POCATELLO, Idaho (KIFI/KIDK) - Big Momma's House in Pocatello will have to look for a new location after Pocatello's city council approved an appeal, which overturned the permit for the house.
Big Momma's House is the faith-based homeless shelter that Pastor Jacqualine Thomas is hoping to start.
The original plan was to make a house on Sublette Street the location for the shelter. It received a conditional use permit granted by the city hearing examiner.
However, the Bonneville Neighborhood Assocation, where Sublette Street sits, filed an appeal on that permit.
The association had two main concerns with the shelter. The first was it wanted to be sure it would be a viable business with proper operating funds. The association wanted to know where the costs to run the shelter would be coming from and if it would be sustainable. Members didn't feel Thomas and her crew were fully prepared from the business side.
"They had not really put together a complete business plan really outlining exactly what it was going to be," said Alfreda Vann, secretary for BNA.
Another concern Vann said the association had dealt with a residential city code violation.
"A lot of their information included homeless shelter and according to the municipal code, it defines a homeless shelter as transitional housing, which is not permitted, nor conditionally permitted in any residential zoning district," Vann said.
That city code is municipal code 17.01.160.
The city council agreed and voted to uphold the appeal.
"The council agreed with the neighborhood that Big Momma's house did not provide enough evidence that it was a group living supervised facility and not transitional housing," said Logan McDougall, public information officer for the city.
The difference between supervised living facility and transitional housing is the amount of time someone could stay at the shelter.
Based on what information Big Momma's was presenting, it was a homeless shelter, meaning transitional housing. That would mean people could stay 30 days or less. But plans of operation for Big Momma's would seem they had the intent of letting people stay longer if necessary. So there was a bit of a conflict as to what the shelter would actually be and what codes would or would not apply.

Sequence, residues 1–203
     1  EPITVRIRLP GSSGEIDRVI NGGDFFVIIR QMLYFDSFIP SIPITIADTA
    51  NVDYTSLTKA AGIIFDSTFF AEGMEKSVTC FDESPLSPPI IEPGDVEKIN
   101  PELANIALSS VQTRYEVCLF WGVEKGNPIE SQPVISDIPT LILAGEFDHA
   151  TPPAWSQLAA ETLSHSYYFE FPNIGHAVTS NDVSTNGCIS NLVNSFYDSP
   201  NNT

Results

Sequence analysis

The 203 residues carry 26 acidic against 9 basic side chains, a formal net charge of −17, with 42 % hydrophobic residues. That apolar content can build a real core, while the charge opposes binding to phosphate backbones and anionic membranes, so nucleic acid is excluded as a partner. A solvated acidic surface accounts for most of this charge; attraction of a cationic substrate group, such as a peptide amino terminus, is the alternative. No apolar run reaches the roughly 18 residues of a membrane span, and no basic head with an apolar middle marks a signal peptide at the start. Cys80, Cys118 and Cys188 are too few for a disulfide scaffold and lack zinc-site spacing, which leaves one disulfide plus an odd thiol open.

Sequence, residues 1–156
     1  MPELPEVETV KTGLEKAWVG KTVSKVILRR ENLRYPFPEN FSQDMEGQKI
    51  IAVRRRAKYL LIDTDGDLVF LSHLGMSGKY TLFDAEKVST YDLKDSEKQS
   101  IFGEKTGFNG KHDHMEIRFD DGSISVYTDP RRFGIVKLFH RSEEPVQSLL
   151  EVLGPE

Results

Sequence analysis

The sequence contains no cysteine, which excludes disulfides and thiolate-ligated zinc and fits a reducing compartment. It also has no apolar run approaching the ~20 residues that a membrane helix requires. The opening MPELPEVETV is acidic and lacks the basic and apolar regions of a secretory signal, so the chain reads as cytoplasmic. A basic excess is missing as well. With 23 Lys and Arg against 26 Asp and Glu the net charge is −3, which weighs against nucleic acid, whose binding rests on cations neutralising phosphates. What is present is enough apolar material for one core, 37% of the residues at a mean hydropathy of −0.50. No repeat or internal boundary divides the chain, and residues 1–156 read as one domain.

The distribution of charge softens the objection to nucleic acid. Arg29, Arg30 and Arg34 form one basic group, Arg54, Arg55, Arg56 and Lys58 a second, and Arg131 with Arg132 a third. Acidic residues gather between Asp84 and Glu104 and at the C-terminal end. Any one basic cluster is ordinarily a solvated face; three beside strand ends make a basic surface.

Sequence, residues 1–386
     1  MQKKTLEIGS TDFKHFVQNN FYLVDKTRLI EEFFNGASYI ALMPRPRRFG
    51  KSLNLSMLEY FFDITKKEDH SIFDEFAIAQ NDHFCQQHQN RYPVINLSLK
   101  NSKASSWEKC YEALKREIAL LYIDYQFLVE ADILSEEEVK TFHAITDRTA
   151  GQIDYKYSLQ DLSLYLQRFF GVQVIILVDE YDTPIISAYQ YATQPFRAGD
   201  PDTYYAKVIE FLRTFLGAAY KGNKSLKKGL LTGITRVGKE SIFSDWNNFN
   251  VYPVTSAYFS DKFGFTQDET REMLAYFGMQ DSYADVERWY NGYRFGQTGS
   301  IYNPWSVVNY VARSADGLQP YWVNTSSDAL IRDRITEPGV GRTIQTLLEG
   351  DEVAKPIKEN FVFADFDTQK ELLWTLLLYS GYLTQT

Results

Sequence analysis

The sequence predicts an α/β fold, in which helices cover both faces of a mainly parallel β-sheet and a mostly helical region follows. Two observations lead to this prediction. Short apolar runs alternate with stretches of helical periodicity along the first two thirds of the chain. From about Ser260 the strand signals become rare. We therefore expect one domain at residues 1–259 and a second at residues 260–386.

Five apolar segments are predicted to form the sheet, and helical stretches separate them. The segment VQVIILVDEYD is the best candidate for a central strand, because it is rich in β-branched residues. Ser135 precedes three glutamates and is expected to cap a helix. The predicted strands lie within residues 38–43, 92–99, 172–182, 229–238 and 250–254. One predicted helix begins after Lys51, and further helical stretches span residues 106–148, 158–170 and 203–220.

The city said Big Momma's has a few things to consider as it moves forward with its plans.
Thomas said she disagrees as to some of the reasoning behind the appeal but she understands both sides. She also said the council's decision did not deter her in the slightest.
"We have been called to build Big Momma's House and this is just a temporary setback which is going to spring us ahead in just a matter of time," Thomas said. "Big Momma's House I believe was just sent there by God for us to have, but I also think it was a growing time and a growing period that we needed to prepare ourselves even better the next time around."
Big Momma's will need to find a new location for the shelter. Thomas said first thing Friday morning she was already looking for a place. She said she doesn't have a specific location in mind yet, but she'll keep looking until she finds something that fits their needs.
Thomas said she's grateful for all the community support throughout this project, and the continued support. She said she's also grateful to the homeowners of the house on Sublette for allowing the home to stay off the market until a final decision could be reached on Big Momma's.